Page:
If you do go with an all-aluminum radiator, be aware that you MUST use distilled water in the coolant mix, after using distilled water to flush all the old coolant from the system.

It is very possible for tap-water mixed coolant to conduct electricity (usually because of a bad ground on the engine). Over time, the electrical current flowing through the coolant to ground will eat through the radiator, one molecule at a time. It's the same as electroplating, but in reverse... the molecules of aluminum are lifted from the inside of the radiator and are held in flux in the coolant. If the inside of your filler neck is dark gray or black, it's happening.

Distilled water does not conduct electricity, so using distilled water in your coolant mix effectively stops the electrolysis.

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post #11 of Old 12-16-2009, 12:56 PM
xltj
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Quote:
Originally Posted by Jeepster83 View Post
i recently replaced mine with an OEM one with plastic tanks. i figure that i got almost 100k out of the old one then i should get the same out of another one as long as i keep driving the way i do.
My same thinking. 10 years and 74k miles. If I get that out of the new radiator I'll be happy. Who knows if a rock will get to it before then
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post #12 of Old 12-16-2009, 12:57 PM
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Im using a Visteon Core with Tig welded Aluminum tanks.
Using spring style washers to clamp it to the grill assembly.
I haven't had any issues since tossing the brass/copper assembly away. (it was only in for a little over a year & the mounts tore from the cores, I assume from vibration & bouncing around. It looked pretty ragged & was also leaking from a core.)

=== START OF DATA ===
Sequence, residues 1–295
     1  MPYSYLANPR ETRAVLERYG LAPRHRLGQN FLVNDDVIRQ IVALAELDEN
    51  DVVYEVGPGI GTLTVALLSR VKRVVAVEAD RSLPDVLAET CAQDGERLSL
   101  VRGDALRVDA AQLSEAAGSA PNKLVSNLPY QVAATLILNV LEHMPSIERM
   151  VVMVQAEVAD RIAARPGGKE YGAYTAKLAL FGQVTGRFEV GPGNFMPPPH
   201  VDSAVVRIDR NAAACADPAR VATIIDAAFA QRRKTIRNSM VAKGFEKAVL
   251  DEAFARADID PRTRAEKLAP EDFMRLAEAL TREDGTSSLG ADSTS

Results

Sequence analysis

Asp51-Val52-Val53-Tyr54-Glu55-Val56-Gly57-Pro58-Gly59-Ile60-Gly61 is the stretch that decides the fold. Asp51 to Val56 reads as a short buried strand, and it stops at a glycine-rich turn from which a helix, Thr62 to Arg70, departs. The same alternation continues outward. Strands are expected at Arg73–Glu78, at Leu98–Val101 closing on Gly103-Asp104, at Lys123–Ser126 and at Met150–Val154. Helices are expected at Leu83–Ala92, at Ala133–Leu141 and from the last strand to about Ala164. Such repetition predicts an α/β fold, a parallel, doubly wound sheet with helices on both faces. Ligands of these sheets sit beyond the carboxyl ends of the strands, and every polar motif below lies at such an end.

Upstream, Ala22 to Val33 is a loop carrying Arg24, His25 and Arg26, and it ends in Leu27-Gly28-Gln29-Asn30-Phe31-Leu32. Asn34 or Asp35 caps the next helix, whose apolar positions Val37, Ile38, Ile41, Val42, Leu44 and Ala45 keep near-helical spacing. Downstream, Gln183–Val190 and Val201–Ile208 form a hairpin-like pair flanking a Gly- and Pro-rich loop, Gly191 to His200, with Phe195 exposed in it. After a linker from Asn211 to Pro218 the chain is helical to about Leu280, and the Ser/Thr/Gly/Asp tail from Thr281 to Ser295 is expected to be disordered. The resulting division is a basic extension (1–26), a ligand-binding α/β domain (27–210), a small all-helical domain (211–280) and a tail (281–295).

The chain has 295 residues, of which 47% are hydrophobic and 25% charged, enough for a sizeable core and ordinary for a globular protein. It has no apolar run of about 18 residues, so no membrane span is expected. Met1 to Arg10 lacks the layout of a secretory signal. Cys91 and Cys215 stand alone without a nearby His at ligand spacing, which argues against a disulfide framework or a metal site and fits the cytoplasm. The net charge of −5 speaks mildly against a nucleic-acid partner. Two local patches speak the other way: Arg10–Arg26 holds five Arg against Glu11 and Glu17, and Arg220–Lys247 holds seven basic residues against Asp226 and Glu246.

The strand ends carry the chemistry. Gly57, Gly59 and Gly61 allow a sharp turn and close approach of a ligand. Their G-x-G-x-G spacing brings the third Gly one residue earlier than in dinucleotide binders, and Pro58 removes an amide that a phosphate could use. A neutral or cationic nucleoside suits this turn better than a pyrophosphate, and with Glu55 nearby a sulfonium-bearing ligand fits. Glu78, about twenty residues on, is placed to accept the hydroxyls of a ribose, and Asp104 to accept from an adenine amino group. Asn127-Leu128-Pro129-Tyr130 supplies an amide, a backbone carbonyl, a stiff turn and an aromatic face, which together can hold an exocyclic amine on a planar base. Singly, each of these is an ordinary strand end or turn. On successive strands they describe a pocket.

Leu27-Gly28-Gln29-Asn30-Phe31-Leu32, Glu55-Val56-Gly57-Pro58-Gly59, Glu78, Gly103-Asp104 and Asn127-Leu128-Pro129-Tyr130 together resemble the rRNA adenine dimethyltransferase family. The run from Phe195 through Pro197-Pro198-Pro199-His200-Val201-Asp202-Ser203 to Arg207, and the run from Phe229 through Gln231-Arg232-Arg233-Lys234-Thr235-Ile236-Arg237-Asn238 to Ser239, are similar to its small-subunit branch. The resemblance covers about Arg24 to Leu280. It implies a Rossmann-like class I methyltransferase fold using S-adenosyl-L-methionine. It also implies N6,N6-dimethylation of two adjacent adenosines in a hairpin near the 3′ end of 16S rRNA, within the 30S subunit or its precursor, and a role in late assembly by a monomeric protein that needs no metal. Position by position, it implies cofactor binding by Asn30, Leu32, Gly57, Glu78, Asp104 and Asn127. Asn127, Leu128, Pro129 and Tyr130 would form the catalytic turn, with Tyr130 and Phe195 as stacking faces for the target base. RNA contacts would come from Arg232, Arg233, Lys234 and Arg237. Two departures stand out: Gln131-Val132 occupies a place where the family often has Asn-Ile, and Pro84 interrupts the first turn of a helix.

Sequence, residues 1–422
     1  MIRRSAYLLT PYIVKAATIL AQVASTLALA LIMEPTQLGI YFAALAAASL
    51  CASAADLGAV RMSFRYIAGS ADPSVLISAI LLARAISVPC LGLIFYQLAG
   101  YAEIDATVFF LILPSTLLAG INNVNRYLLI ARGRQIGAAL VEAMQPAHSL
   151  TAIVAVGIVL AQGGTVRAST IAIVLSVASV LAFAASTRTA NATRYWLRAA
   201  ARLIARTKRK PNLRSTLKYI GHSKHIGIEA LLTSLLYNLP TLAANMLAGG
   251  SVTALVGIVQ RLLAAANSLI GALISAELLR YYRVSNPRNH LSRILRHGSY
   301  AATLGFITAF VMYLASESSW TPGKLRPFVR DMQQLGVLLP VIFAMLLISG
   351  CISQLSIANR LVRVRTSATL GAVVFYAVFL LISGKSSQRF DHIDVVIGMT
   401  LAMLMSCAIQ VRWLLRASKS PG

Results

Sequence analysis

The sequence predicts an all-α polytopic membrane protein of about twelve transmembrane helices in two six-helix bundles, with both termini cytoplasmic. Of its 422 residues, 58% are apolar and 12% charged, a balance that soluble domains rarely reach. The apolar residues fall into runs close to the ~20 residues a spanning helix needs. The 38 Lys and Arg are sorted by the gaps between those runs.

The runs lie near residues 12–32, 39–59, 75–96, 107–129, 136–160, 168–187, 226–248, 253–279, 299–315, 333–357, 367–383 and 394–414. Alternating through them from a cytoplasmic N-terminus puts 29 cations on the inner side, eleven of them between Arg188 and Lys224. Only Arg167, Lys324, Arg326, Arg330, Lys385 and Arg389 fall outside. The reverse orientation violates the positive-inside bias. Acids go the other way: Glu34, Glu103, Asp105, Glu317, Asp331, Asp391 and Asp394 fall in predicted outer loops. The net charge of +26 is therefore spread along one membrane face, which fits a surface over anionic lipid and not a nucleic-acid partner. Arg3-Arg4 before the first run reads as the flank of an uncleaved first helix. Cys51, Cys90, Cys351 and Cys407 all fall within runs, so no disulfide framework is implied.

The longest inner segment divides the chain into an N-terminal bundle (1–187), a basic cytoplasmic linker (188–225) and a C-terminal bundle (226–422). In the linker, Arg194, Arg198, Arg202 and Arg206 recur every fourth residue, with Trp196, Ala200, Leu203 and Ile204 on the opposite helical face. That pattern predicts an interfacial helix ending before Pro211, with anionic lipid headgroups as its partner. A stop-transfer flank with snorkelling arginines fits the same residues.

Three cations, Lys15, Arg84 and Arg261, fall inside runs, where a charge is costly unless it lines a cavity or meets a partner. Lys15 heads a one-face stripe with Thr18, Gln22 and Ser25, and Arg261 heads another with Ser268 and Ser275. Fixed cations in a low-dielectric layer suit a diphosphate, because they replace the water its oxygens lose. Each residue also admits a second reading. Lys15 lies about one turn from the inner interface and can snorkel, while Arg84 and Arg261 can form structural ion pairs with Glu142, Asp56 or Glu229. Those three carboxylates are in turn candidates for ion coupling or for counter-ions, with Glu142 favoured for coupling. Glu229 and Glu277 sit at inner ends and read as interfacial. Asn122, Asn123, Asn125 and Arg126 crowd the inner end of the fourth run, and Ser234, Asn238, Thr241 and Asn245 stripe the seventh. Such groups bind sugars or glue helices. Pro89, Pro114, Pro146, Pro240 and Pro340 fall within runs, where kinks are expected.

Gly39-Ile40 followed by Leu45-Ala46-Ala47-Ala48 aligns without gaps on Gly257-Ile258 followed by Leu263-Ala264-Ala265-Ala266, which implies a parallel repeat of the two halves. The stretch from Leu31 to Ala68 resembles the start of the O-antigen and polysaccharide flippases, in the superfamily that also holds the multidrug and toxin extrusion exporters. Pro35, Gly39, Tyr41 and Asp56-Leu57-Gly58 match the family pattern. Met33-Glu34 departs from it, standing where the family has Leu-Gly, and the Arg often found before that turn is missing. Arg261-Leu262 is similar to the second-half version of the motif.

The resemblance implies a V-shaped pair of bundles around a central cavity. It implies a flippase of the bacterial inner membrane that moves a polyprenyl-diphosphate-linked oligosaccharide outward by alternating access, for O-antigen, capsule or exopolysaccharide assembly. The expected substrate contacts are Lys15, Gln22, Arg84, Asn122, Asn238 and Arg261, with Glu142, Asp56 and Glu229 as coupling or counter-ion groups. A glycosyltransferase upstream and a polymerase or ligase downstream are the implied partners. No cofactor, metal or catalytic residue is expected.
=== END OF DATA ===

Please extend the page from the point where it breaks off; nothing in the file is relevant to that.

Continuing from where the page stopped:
The Alu. one has been in it for 2 years & looks good as new.

If you go Alu. just make sure to use DI water & proper coolant.

The Alu. also offers better cooling efficiency.


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post #13 of Old 12-16-2009, 01:28 PM Thread Starter
Tjosh97
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Quote:
Originally Posted by Stretch67 View Post
It's not just Jeeps. Scads of vehicles out there use aluminum cores clamped to plastic tanks. My F-350 (7.5) rad was leaking a few years ago, and I replaced it with an all-aluminum radiator, to the tune of six hundred bucks!

If you do go with an all-aluminum radiator, be aware that you MUST use distilled water in the coolant mix, after using distilled water to flush all the old coolant from the system.

It is very possible for tap-water mixed coolant to conduct electricity (usually because of a bad ground on the engine). Over time, the electrical current flowing through the coolant to ground will eat through the radiator, one molecule at a time. It's the same as electroplating, but in reverse... the molecules of aluminum are lifted from the inside of the radiator and are held in flux in the coolant. If the inside of your filler neck is dark gray or black, it's happening.

Distilled water does not conduct electricity, so using distilled water in your coolant mix effectively stops the electrolysis.
Great info and ya I always use distilled water when flushing and filling.

Beep Beep, who got da keys to the JEEP???
Red Jeep Club #556 - "DA 4-$LANGER"
1997 Flame Red TJ 4-Banger (2.5L) 4.0 TB 62mm Bored w/ Spacer -- 31x10.50 D. Cepek "Crushers" -- 15" Black Rock Crawlers -- AEM DryFlow -- Dynomax Super Turbo Cat-Back -- EBC Brake System -- Rough Country 2.5" Lift w/ Discos -- RC Adj Track Bars -- Currie HD Steering -- Rugged Ridge Diff Covers - DDM 6000K HID
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post #14 of Old 12-16-2009, 06:58 PM
Netpackrat
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My original radiator started leaking at under 50,000 miles, and the all metal replacement was leaking less than 30,000 miles later. My Jeep has just over 89,000 miles and I am on my third radiator.
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post #15 of Old 12-16-2009, 07:07 PM
xltj
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Quote:
Originally Posted by Netpackrat View Post
My original radiator started leaking at under 50,000 miles, and the all metal replacement was leaking less than 30,000 miles later. My Jeep has just over 89,000 miles and I am on my third radiator.
Just out of curiosity, where did you get your all metal replacement? And do you think that one leaked b/c of flexing?